A life cycle for Borrelia spirochetes?

ArticleinMedical Hypotheses 67(4):810-8 · February 2006with13 Reads
Impact Factor: 1.07 · DOI: 10.1016/j.mehy.2006.03.028 · Source: PubMed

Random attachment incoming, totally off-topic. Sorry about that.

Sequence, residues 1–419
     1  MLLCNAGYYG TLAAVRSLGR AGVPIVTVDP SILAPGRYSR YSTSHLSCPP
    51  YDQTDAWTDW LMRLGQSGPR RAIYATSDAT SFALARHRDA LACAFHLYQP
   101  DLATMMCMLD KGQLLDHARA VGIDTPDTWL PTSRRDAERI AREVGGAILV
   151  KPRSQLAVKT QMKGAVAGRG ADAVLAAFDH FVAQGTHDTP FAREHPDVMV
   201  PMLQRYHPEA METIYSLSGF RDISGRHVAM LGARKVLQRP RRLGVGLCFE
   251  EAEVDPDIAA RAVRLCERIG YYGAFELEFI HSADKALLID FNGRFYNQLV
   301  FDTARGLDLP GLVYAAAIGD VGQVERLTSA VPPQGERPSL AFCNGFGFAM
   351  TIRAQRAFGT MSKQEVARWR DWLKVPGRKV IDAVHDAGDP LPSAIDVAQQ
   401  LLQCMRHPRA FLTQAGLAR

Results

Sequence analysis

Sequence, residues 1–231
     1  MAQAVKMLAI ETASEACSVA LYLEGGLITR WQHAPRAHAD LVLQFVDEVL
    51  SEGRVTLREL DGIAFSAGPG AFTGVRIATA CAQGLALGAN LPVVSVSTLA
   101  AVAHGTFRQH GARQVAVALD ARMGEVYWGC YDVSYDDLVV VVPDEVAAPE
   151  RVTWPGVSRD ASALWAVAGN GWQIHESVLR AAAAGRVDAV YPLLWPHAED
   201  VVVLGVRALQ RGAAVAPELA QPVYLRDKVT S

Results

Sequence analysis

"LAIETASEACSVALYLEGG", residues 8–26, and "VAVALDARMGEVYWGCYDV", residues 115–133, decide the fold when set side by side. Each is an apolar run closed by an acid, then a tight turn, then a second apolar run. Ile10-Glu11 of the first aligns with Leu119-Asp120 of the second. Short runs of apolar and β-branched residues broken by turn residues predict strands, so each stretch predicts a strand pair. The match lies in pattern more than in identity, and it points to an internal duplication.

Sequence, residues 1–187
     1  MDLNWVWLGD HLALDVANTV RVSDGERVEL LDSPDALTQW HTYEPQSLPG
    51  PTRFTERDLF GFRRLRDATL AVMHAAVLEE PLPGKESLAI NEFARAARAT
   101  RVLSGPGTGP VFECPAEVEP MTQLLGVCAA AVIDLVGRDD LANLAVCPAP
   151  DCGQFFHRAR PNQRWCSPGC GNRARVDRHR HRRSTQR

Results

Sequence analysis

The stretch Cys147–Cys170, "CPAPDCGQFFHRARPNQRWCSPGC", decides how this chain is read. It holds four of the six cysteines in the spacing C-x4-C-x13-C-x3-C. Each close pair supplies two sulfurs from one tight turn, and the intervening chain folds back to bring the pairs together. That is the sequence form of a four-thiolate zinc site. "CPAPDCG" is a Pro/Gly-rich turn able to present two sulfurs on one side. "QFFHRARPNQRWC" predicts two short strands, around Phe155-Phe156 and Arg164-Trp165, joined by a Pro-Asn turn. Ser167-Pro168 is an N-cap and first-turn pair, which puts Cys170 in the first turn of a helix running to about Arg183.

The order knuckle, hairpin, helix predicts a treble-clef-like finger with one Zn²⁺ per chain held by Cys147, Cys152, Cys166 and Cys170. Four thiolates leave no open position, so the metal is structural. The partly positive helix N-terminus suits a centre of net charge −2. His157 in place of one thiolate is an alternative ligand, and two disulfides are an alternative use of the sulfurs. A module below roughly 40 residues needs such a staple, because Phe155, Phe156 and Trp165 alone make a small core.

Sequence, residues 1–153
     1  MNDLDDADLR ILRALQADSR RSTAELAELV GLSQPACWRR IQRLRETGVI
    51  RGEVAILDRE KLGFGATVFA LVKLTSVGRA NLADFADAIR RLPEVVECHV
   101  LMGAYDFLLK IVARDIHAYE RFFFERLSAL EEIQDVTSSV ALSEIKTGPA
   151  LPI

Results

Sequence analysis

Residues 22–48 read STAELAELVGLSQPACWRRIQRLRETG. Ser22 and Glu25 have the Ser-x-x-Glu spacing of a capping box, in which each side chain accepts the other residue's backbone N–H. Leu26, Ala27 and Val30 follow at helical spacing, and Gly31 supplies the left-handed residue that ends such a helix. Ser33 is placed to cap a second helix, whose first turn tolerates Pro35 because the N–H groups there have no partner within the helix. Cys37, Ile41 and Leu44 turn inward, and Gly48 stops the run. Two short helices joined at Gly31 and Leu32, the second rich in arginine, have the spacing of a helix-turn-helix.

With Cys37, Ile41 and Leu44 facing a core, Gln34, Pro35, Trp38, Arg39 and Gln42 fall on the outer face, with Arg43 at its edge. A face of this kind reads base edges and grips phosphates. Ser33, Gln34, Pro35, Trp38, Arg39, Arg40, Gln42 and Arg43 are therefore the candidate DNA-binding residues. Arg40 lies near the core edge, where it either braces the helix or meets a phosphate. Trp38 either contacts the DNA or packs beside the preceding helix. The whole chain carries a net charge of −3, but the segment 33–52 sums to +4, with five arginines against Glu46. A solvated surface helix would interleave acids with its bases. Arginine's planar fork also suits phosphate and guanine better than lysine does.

Subsequent to Schaudinn and Hoffman's visualization of Treponema pallidum in 1905, many distinguished syphilologists proposed that spirochetes have a life cycle. What is the "essence" of a life cycle? Simply put, life cycles are diverse arrays of life forms, which emerge in an ordered sequence; which are "connected" to one another across primary and secondary hosts, and constitute a cycle with "circular" relationship between hosts. Fecal-oral life cycles and blood-to-blood life cycles are exemplary of host parasite relationships in this realm. The "blood-to-blood" begins and ends with an insect taking a blood "meal". In this operatic scenario, a "blood-less" insect functions simultaneously as a hypodermic needle and as an incubator for some of the infectious components. The initial phase is inside the body fluid compartment of an insect. The second phase is in the blood or body fluid of a warm-blooded mammal. Third, is the phase inside the cell of a mammalian host. And a final portion of the "life" marked by "death" of the parasitized mammalian cells and the release of infectious parasites which return to the "warm" blood where the "cold blooded" vector again takes a blood meal. The cycle then begins again. In each phase of a blood to blood life cycle, the infectious agent changes its shape. Blood phase "profiles" look different from "tissue phase" profiles. Some of the tissue phase profiles may be "invisible". Borrelia spirochetes offer an excellent example of a life cycle, by virtue of the insect vector to mammalian "piece", the blood and intracellular residence "pieces" and the morphologic diversity "piece". Stereotypes of what a spirochete "should " look like, have actually produced a state of "perseveration" in spirochetal pathobiology. We have been "stuck" like a broken record, on the corkscrew form, and have failed to see the rest of the life cycle. Cystic, granular, and cell wall deficient spirochetal profiles, which were well known in the 19th and 20th centuries by such titans as Schaudinn, Hoffman, Noguchi, Delamater, Steiner, and Mattman, have been repudiated by professional microbiologists, and by pathologists who practice and who confer the status of 21st century truths in microbiology matters. Proper microscopic study, as is required by Dr. Robert Koch's second postulate, for establishing links between microbes and disease, presupposes that the microscopist be aware of the complete array of morphologic repertoires of the alleged pathogen. (Morphologies, which are herein introduced.).